August “Quibbler” Contest winner: Accio learning!
This editorial is the winning entry for the “Hogwarts Education” contest.
by Nadia Mulvihill
Ah, Hogwarts. The many-turreted silhouette and the bright and crowded Great Hall stir up warm and fuzzy feelings for our fandom. But is a magical education enough for its students? Does it prepare students for successful careers and personal futures?
Absolutely it does. Magic is to the wizarding world as technology is to the Muggle world. Magic is a means of making life easier, but it also creates new problems that require more magic skills to fix. It is an inconvenience to one’s daily life to lack magical skills. It makes you an outsider. A Muggle school that utilized computer technology for every student in most classes, that produced inventive programmers, skilled repairers, and informed consumers would be considered a great success. The purpose of Hogwarts is to prepare students to navigate the adult wizarding world. A practical magic curriculum, with hands-on experience, is the best way to do that. Hogwarts is a good school because it prepares students for their futures through practical experience.
I have organized Hogwarts’s classes by their purposes. Magic (and technology) benefits you in three main ways: adds convenience to your life, protects you from harm, and prepares you for a career. Some classes are more obvious (DADA is meant for protection) and some were more difficult to categorize (can you be a professional transfigurer?). My system is subjective, of course. Any of these classes could contribute somewhat to any of the categories, but I tried to focus on the primary purpose first, then only a close secondary purpose.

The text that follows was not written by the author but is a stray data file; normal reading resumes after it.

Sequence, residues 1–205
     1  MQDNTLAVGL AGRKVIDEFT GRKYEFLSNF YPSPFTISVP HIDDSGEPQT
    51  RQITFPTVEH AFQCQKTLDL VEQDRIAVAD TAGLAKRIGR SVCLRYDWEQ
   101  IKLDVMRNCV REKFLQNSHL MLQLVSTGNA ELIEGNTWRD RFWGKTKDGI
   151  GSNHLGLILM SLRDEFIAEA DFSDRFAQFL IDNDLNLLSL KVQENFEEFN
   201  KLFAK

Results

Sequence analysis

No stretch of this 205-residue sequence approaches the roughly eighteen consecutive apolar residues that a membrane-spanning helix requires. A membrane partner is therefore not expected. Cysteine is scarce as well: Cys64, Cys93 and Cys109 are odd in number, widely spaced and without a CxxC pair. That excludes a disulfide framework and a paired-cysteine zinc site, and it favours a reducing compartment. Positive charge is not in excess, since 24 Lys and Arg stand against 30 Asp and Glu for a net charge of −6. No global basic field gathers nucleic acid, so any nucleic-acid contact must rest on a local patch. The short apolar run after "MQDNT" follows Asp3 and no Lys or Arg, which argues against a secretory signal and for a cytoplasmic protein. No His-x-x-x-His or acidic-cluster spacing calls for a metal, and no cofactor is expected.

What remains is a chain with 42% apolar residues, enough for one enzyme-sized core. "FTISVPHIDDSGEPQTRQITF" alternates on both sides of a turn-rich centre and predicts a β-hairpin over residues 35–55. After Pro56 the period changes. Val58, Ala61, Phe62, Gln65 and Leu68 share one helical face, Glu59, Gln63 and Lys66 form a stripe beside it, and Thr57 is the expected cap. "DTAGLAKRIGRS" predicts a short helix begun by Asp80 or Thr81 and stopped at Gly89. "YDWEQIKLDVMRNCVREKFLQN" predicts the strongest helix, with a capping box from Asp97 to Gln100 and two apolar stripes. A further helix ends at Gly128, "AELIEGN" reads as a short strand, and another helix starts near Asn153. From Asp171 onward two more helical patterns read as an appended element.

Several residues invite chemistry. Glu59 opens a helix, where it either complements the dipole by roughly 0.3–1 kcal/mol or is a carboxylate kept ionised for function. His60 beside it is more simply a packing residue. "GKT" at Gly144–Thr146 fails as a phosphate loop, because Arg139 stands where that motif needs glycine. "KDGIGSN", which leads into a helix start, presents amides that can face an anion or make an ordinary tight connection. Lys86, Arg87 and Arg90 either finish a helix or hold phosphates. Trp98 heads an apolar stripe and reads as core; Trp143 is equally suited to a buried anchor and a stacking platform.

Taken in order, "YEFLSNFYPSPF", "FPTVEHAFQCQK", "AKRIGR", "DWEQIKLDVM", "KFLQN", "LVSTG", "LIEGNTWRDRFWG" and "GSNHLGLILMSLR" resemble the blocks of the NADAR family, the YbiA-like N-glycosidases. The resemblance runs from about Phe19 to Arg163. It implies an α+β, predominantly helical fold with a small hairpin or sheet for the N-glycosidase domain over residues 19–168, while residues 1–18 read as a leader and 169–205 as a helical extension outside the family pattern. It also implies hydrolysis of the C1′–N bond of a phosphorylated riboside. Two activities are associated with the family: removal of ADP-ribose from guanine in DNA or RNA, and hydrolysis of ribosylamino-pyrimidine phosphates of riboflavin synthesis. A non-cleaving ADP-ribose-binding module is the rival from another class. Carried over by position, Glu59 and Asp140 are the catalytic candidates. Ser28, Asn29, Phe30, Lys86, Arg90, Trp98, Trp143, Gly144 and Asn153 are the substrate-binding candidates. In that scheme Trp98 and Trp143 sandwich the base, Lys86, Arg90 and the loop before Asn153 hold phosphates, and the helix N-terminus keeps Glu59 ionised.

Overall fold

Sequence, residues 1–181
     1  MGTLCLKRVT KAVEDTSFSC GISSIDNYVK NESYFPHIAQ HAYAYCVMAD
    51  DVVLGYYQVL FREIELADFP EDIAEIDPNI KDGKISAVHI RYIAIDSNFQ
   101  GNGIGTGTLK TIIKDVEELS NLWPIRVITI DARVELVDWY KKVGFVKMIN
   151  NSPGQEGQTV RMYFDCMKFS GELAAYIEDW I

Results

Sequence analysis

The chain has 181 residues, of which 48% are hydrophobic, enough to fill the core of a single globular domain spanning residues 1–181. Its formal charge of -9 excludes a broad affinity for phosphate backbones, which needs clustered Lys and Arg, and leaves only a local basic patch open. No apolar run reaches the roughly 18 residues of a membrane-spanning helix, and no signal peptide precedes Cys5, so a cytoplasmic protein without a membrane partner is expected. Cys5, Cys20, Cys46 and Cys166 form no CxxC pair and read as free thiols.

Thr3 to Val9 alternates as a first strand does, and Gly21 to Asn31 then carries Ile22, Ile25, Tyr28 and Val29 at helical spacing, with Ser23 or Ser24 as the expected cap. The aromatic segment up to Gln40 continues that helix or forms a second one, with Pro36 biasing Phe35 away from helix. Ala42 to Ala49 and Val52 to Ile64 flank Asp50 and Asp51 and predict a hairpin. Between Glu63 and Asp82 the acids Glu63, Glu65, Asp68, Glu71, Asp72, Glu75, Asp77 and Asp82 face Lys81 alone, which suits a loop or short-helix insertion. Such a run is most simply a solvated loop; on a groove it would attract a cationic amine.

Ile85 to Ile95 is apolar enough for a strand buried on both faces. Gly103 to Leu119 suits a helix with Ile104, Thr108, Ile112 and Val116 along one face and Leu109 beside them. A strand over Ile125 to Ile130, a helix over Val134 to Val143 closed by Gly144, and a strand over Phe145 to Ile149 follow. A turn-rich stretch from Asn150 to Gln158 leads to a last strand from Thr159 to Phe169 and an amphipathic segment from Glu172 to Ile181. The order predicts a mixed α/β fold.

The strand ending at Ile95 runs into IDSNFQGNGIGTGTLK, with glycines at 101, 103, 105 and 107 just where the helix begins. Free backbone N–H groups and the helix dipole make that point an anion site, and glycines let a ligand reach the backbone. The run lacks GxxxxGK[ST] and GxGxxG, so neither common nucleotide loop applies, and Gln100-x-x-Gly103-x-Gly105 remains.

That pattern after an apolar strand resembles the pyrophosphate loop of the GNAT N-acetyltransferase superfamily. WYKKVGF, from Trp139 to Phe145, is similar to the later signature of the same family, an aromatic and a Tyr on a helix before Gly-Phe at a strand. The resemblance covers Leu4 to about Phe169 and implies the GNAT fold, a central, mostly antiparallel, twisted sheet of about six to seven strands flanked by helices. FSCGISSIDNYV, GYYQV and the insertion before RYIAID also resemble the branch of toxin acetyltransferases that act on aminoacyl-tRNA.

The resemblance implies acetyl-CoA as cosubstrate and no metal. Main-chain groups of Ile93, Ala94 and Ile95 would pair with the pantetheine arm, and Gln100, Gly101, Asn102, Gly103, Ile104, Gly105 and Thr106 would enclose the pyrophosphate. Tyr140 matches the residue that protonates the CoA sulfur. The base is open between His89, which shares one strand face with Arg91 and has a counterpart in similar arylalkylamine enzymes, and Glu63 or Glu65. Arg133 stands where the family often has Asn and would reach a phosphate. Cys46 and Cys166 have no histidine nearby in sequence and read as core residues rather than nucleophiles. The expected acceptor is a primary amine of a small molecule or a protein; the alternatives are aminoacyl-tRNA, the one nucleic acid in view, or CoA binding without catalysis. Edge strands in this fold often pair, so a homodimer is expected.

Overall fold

|The Purposes of Hogwarts Classes|
|Defense Against the Dark Arts||P|
|Care of Magical Creatures||S||P|
|History of Magic*||P|
P = primary purpose of the class
S = secondary purpose of the class
* = a theory-based class
It is important to notice that only two of Hogwarts classes are theory-based: History of Magic and Muggle Studies (and sometimes DADA, but everybody hated that). Hogwarts classes are hands-on because you need experience to prepare for a career and you need experience to improve a skill. Defense Against the Dark Arts is crucial for students to protect themselves and others when magic goes wrong. It is most effective when students can practice it themselves, like with Lupin or with Harry in Dumbledore’s Army. Charms, Potions, and Transfiguration are the most hands-on classes, with observable skills. Potions is essentially a lab class, so students learn hands on how to make potions. Students physically complete every step of the process from raw materials, including the tedious labor of cutting up ingredients, which is more than what I’m capable of doing on Pottermore. Students learn the most from what they do, not from reading about it or watching someone else do it. Divination is more for personal interest than protection or career training. But it is all practical—students read real tea leaves and real crystal balls—because Trelawney was either a true seer or a staunch believer. Students usually don’t bother with doing well in (or even taking) Ancient Runes, Arithmancy, Astronomy, CoMC, Herbology, History of Magic, and Muggle Studies unless they are interested in those careers. Since the OWL and NEWT exams directly affect which career paths are open to students, you can bet that the professors are well-connected to those industries outside of Hogwarts.